Ottawa’s affordable housing community is debating where the city should spend the extra $15 million in funding granted in the 2019 budget. Should the city build new units or repair existing ones?
When the city unveiled its 2019 spending plans, affordable housing advocates were pleasantly surprised by more money than expected for more affordable and supportive housing above and beyond the $111 million budget allocated to existing housing and homelessness programs.
While advocates were pleased to see this new money, the largest commitment the city has ever made to the sector, they say it will ultimately only scratch the surface of what most label a crisis.
Ottawa has an affordable housing stock of 22,500 social housing units, administered by 52 independent non-profit housing organizations that operate across the city. The demand for these units is far higher than the supply, with 10,500 households on the waiting list at the end of 2017. The wait times can be range from five to 12 years, depending on the circumstances of the applicant.
This is the system that Shea Kiely, the executive director of Housing Help, has to navigate daily. Her organization provides services and advice to people trying to stay in their homes or find new affordable options. They run workshops on landlord and tenant laws and have paralegal services to represent tenants in cases against their landlords.
“Most of our work these days is on eviction prevention – making sure people can stay in the homes they already have,” she said.
“Housing stock used to be more available, but today there just aren’t enough units. If these people get evicted, they can’t spend years on a waiting list, so we try to keep them in the housing they already have,” she said.
Housing Help deals with roughly 3,000 cases a year. They help tenants in situations ranging from not being able to pay their rent to those suffering from mental-health issues.
She said that, in her view, almost everybody in the social housing system is doing the best they can. The city has put in a lot of resources, and the Social Housing Registry works as fast as it can to get people into homes. The issue, for her, remains a lack of available social housing.
When it comes to the city’s $15 million announcement, Kiely said that any resources are good but that the province and federal government really need to step up to increase the resources available. She thinks the best place for this new money is in the construction of new units to increase the housing stock.
Others are less sure of this course of action.
“Older units are falling into disrepair easily while repairs aren’t carried out, sometimes for years, and in some cases landlords won’t carry them out because they think it’s too expensive,” said Kathleen Fortin, a resident of social housing in the Hintonburg-Mechanicsville and board member for housing advocacy group ACORN (Association of Community Organizations for Reform Now).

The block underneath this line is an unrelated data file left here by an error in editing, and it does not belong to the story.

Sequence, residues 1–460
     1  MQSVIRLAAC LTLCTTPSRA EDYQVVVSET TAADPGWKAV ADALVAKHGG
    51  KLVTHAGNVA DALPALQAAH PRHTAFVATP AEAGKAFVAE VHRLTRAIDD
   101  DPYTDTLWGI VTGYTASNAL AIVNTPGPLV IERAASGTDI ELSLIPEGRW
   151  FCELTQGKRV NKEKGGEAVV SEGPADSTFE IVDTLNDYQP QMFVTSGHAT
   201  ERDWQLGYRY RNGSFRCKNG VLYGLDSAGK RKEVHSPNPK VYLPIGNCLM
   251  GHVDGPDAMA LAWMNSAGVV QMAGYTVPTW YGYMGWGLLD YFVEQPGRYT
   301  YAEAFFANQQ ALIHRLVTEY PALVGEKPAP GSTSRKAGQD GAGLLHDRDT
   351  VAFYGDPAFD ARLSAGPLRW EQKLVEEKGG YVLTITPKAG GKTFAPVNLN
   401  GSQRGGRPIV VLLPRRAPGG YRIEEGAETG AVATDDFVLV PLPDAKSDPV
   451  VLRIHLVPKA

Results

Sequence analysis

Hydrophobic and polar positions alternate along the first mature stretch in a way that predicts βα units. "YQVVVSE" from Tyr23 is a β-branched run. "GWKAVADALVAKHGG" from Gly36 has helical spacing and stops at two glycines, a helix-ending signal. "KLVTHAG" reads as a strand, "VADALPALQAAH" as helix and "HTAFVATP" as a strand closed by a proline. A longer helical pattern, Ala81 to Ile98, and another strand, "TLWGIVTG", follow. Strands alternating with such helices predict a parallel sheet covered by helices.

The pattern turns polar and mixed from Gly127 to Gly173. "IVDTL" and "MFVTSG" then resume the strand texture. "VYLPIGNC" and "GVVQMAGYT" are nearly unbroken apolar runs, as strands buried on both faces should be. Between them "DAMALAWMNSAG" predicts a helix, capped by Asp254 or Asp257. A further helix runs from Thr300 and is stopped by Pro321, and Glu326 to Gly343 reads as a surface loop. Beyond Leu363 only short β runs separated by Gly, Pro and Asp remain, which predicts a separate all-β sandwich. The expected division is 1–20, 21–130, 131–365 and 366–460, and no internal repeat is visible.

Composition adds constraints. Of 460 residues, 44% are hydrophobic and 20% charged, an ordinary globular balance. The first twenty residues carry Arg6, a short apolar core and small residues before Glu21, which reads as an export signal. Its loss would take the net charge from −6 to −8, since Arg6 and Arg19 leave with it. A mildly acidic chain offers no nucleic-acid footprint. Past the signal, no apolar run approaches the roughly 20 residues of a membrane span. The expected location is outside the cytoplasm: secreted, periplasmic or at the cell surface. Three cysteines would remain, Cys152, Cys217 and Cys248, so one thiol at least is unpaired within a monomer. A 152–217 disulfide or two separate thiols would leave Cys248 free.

She spoke of units with something broken or an infestation that go through two or three tenants before any action is taken.
Fortin agrees the $15 million commitment by the city is a victory for those who have been pushing for new public housing stock, but she says advocacy groups such as ACORN have a duty to continue to apply pressure on the mayor and council to ensure affordable housing remains a priority.
She also outlined solutions ACORN is proposing to improve the social housing system in Ottawa — namely leveraging public land from all levels of government to build co-operatives and social housing, and passing inclusive zoning by-laws that mandate a portion of new units constructed around infrastructure such as public transit be non-profit or affordable housing.
As provincial and federal money was withdrawn from social housing in the 1990s, cities have had to find solutions to create more units.
One of these is the rent supplement, designed to have the tenant live in a private building but pay what they would for social housing. The city then tops up the remainder of the tenant’s rent. Around 120 private and non-profit landlords have signed up with the city to offer up 3,500 units.
“The reality is that relying on the private market hasn’t worked,” said Kiely, noting the much smaller number of private units as compared to the 22,500 public units.
One reason she thinks that private renters haven’t been too receptive to the rent supplement is a stigma attached to low-income tenants, especially those on Ontario Disability Support Program or Ontario Works.
The average recipient of social assistance receives around $720 each month, while the average rent for a one bedroom unit in Ottawa is around $1,400, according to Kiely. With private renters often unwilling to rent to them and the lengthy wait on the registry, they are often forced into rooming houses that are very run-down and require them to share bathrooms, kitchens and commons spaces with other renters.
The city has called for the provincial and federal governments to match their commitment of $15 million dollars, and affordable housing advocates would welcome the $45 million. But they note that a city like Ottawa needs billions, not millions, to solve its affordable housing crisis.